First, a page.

Days 154 & 155 – Kingdom of Crystal, Kosta Sweden

Before leaving to drive to Vaxjo (Vek-sher), on our last morning in Falkenberg, I checked our email and discovered the fax we thought we had sent to Spain regarding our accommodation had not worked. So we set about faxing it again from the camp ground and crossed our fingers that it would work this time.

We had another short day of driving to the Evedal Campsite just 5 km north of Vaxjo.  We pulled into the campground and set off on foot with a map to choose a tent site.  I didn’t instantly like this campground; it wasn’t as big or as busy as Granna or Falkenberg but the facilities weren’t as good either. I did come to like it more over the 2 nights that we stayed.  The campsite was set beside a beautiful lake with two small swimming beaches and Harris enjoyed a swim the afternoon that we arrived.  We also enjoyed watching the brave people jump off the 10 metre diving platform into the lake.

On our walking tour of the ground we found the site we wanted; #212 which was close to the service building.  The camp kitchen and dining area were small and became crowded at times although they were quite new looking.  The bathrooms were also less appealing; maybe these campers were a particularly messy crowd.  The showers were scan card operated and you had to push a button to keep the water running.  We have seen this before in hostels and other campgrounds and usually isn’t an issue but one shower I had required you to push the button every 4 seconds to keep the water running!  Makes washing long hair a little difficult! 

After dinner that first evening we drove in Vaxjo in search of a bottle of wine, which we didn’t actually ever find.  What we did find was a beautiful lake in the middle of the city which we walked around and also found a fun playground for the kids. 

The next morning we were headed to Kosta.  I was so excited because we were going to meet up with Elvira, a young woman I met on a hike in Dalat, Vietnam. Elvira was so happy to hear that we were going to come to Sweden and offered to show us around Kosta and the famous Kosta Boda Art Hotel where she works.  That was an offer too good to refuse so we set off to meet Elvira outside the hotel at 10am. 

Elvira had ‘Glass Passes’ that we could borrow from her parents for the day. Normally you pay 95 kr for these to get entry to the glass works and for discounts on purchases; this was a great saving for us.  I didn’t know that Elvira had also worked as a tour guide through the glass factory so she was able to give us a wonderful personal tour (in English) through the Kosta factory.  We watched some glass blowers making drinking glasses.  It amazes me that you can get so close to the workers and they work around the tourists with super hot glass and equipment everywhere. 

After watching the glass production line we headed over to one of the galleries to see some art glass; the fancy designer creations.  I was a little nervous with the kids in the glass factory and the art gallery but no damage was done! 

We headed back to the glass factory to see the top glassblowers in action, the guys that make the fancy creations.  This was ultra cool!  We could have watched them for hours as they created a fish in a house – see the photos to see what I mean.  The boys were mesmerised as well by the whole process and didn’t once complain about being bored!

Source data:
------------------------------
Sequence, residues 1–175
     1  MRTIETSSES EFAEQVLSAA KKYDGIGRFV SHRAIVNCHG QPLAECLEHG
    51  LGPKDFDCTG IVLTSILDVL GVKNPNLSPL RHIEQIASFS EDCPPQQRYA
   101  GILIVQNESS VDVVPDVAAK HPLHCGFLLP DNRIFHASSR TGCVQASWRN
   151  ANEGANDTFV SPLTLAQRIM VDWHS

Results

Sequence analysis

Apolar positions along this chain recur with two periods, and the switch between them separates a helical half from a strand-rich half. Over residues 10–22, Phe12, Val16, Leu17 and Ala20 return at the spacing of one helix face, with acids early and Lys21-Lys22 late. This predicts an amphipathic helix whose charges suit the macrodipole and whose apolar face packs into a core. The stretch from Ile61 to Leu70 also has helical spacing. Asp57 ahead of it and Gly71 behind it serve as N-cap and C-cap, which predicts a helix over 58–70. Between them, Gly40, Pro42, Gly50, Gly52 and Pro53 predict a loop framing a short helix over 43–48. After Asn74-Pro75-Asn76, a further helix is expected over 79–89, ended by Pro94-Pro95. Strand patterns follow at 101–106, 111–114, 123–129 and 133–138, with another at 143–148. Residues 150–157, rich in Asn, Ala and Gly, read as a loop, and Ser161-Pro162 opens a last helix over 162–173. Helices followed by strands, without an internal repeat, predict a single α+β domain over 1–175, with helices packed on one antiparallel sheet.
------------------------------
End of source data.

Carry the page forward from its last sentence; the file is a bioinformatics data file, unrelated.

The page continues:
Elvira’s parents had kindly invited us to join them for lunch so we headed to their house, just 5 minutes out of town. Elvira’s mum Karin works has worked in the glass industry for years and currently works for Ikea; her dad Kalle  is a church musician and her sister Tora is about to start singing school.  They welcomed us into their home and had prepared a delicious Swedish lunch.  We love salmon and Kalle cooked so good fish!  We ate out in the garden under the trees and sipped on Australian wine; finished with strawberries and ice cream and enjoyed fantastic conversation. 

 After lunch we headed to Boda for a look at another glass factory and glass museum.  We got to meet one to meet one of the glass blowers, a friend of Karin’s and get up close to watch him in action. 

The Glass Museum had a wonderful display of glassware and historical information about the glass district of Sweden. The boys enjoyed the area for kids – would have been nice to stay longer but we had a circus to get to!



 When we returned to Kosta we met up with Kalle. He had purchased tickets to see the glass circus.  We had no idea what the glass circus was about but thought this was a good opportunity to find out.  Karin and Kalle joined us for the 45 minute show. It was a mix of theatre, acrobatics and glass blowing; humorous, fun, interesting and sometimes just plain bizarre! 

We said goodbye to our new friends and thanked them for a wonderful day. We had really enjoyed their company and I was so glad I had kept in contact with Elvira.  Our brief interaction in Vietnam meant we were able to meet another wonderful family in Sweden and make fabulous new friends. Tack!



  • W Bartholomai July 15, 2011

    What an experience! We look forward to Patrick’s drawing of the glass. He certainly looks busy in the photo.
    Happy travels

  • Doug and Noela Baigrie July 19, 2011

    What a breathtaking experience that must have been.
    Glass blowing absolutely fascinates me too.
    There’s some fabulous scenary over there too! What a time you’re having.
    Love to all,

  • Geoff April 22, 2012

    Good post…. we’re going there today.

Leave a comment